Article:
For the current season, the league is divided into two six-team divisions, the North Division and the South Division. During the regular season, teams play in-division opponents a total of six times, three games at home and three away. Teams play out-of-division opponents twice, one game at home and one away. These games make up the 42 game regular season schedule. When doubleheaders are scheduled due to inclement weather, NECBL rules dictate that they are two seven-inning games. NECBL regular season games have 2 umpires, while All-Star and playoff games have 3 or 4 umpires. The top four teams from each division qualify for the playoffs. In the division semifinal round the first seeds play the fourth seeds and the second seeds play the third seeds, respectively, in best-of-three series. The winners of the division semifinals advance to the division finals, where they play a best-of-three series against their fellow division finalist. The division champions advance to the NECBL championship series, where they face each other in a best-of-three series to decide the NECBL champion.

Past champions

Total NECBL Fay Vincent Cup Records
Franchise Titles Last Title Appearances
Newport Gulls 6 2014 11
Keene Swamp Bats 4 2013 6
North Shore Navigators 4 2010 4
Sanford Mainers 2 2008 3
Vermont Mountaineers 2 2007 4
Central Mass Collegians 2 1996 2
Mystic Schooners 1 1994 1
Danbury Westerners 0 4
New Bedford Bay Sox 0 4
Laconia Muskrats 0 1
Waterbury Barons 0 1
Bristol Nighthawks 0 1
Valley Blue Sox 0 0
Riverpoint Royals 0 0
Fairfield Stallions 0 0
North Adams SteepleCats 0 0
Ocean State Waves 0 0
Plymouth Pilgrims 0 0
Saratoga Brigade 0 0
Old Orchard Beach Raging Tide 0 0
In the NECBL's history, the most successful team is the Newport Gulls, with six league championships and ten championship series appearances. The defunct North Shore Navigators franchise had four league titles. The Keene Swamp Bats have four. Three franchises have won two championships, the Sanford Mainers, the Vermont Mountaineers, and the defunct Central Mass Collegians. The Mystic Schooners have won one championship, when the team was known as the Eastern Tides in the league's inaugural 1994 season.[7]
Year Winning Team Series Losing Team
1994 Eastern Tides
3–2
Bristol Nighthawks
1995 Central Mass Collegians
2–0
Waterbury Barons
1996 Central Mass Collegians
2–1
Danbury Westerners
1997 Middletown Giants
2–1
Torrington Twisters
1998 Middletown Giants
3–1
Torrington Twisters
1999 Middletown Giants
3–1
Danbury Westerners
2000 Keene Swamp Bats
2–1
Rhode Island Gulls
2001 Newport Gulls
2–1
Keene Swamp Bats
2002 Newport Gulls
2–0
Keene Swamp Bats
2003 Keene Swamp Bats
2–0
Torrington Twisters
2004 Sanford Mainers
2–1
Newport Gulls
2005 Newport Gulls
2–0
Vermont Mountaineers
2006 Vermont Mountaineers
2–0
Torrington Twisters
2007 Vermont Mountaineers
2–0
Newport Gulls
2008 Sanford Mainers
2–0
Newport Gulls
2009 Newport Gulls
2–1
Vermont Mountaineers
2010 North Shore Navigators
2–1
Danbury Westerners
2011 Keene Swamp Bats
2–0
Laconia Muskrats
2012 Newport Gulls
2–0
Danbury Westerners
2013 Keene Swamp Bats
2–1
Newport Gulls
2014 Newport Gulls
2–0
Sanford Mainers

Notable alumni

The following former NECBL players have gone on to play in Major League Baseball.[8] Former NECBL players have reached the major league rosters of 29 of 30 MLB teams, with the Philadelphia Phillies being the only team for which a league alumnus has yet to appear.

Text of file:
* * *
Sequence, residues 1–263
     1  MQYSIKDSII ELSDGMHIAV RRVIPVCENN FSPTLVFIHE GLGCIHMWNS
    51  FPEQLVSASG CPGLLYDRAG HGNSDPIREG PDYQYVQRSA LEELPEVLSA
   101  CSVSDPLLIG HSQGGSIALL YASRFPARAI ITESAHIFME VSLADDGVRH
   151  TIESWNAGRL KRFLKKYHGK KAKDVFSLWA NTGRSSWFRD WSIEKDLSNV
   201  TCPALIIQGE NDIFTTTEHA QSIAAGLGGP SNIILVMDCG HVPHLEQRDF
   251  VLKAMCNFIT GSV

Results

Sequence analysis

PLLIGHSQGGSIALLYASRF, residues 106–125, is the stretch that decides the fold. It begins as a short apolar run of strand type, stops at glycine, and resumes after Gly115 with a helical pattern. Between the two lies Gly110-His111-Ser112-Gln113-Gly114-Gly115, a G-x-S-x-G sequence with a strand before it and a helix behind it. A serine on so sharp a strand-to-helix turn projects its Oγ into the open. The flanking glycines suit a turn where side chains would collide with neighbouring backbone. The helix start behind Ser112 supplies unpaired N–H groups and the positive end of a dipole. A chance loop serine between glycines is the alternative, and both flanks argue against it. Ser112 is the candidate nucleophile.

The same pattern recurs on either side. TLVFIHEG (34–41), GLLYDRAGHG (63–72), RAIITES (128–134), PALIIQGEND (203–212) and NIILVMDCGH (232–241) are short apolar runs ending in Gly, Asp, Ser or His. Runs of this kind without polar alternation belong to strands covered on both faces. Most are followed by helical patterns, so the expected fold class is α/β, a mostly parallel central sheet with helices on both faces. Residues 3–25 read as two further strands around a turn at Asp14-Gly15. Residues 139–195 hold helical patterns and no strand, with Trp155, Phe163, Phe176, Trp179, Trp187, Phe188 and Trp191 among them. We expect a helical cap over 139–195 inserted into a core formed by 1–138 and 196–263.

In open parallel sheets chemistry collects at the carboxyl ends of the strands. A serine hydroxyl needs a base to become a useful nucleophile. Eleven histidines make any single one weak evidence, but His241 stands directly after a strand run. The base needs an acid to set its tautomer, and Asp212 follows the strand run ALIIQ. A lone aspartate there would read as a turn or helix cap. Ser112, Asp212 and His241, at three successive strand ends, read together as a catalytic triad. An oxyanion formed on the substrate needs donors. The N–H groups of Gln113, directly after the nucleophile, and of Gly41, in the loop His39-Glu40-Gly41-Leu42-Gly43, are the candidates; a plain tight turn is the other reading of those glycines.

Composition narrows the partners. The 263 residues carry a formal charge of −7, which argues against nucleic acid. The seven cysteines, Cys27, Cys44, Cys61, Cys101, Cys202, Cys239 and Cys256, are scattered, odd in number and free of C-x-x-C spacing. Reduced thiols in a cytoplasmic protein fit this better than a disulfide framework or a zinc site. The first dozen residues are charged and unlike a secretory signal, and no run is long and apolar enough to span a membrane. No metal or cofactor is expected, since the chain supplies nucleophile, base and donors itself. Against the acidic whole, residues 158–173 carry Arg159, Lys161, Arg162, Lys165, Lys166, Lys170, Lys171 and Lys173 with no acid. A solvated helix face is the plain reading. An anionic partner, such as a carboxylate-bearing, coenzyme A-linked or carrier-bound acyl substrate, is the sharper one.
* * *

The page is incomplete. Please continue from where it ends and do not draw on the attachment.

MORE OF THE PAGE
Media

All NECBL games are broadcast online through the NECBL Broadcast Network, with Teamline providing both audio, for all games, and video, for select games.[9]

On May 14, 2010, the league signed an agreement with Pointstreak. Pointstreak provides "real-time scoring, official statistics, and administration services" to the NECBL. A highlight of Pointstreak's services is Game Live, a real-time statistics feature providing play-by-play for every NECBL game.[10]

See also

Notes

  1. ^ Rogers, Kendall (July 20, 2007). "Kendall's Mailbag: Ducks in a row". Rivals.com College Baseball. Archived from the original on June 8, 2011. Retrieved June 8, 2011. 
  2. ^ Nation, Boyd (September 21, 2010). "Talent Levels for the 2010 College Summer Leagues". Boyd's World. Archived from the original on February 21, 2012. Retrieved February 21, 2012. Overall, other than the clearcut win for the Cape, this leaves me a little fuzzy as to who's second, or to even who the second tier is. Overall, the NECBL, Jayhawk, and Northwoods leagues look good, but if you pay less attention to the D1% column (which may be reasonable, given the strength of the California JC ranks, for example), the California and West Coast leagues may join them. 
  3. ^ "2012 Baseball Season Preview Part 1: Q&A with Head Coach Brett Boretti". GoColumbiaLions.com. Columbia University Athletics. February 23, 2012. Archived from the original on March 4, 2012. Retrieved March 4, 2012. 
  4. ^ "NECBL Goes with 10 Teams for 2012". BallparkDigest.com. February 11, 2012. Archived from the original on February 21, 2012. Retrieved February 21, 2012. 
  5. ^ NECBL League Info Page, URL accessed December 20, 2008
  6. ^ Berkshire Dukes Box Score, c. 2004 URL accessed June 5, 2009
  7. ^ NECBL Record Book at necbl.com, URL accessed July 22, 2009
  8. ^ NECBL alumni archive, URL accessed August 2, 2009
  9. ^ NECBL Broadcast Network at necbl.com, URL accessed June 4, 2010. Archived June 4, 2010
  10. ^ NECBL Signs Agreement with Pointstreak at necbl.com, URL accessed June 4, 2010. Archived June 4, 2010

External links

  • New England Collegiate Baseball League
  • Eye on the Dream Documentary Series

Team websites

  • Danbury Westerners
  • Holyoke Blue Sox
  • Keene Swampbats
  • Laconia Muskrats
  • Mystic Schooners
  • New Bedford Bay Sox
  • Newport Gulls
  • North Adams SteepleCats
  • Sanford Mainers
  • Vermont Mountaineers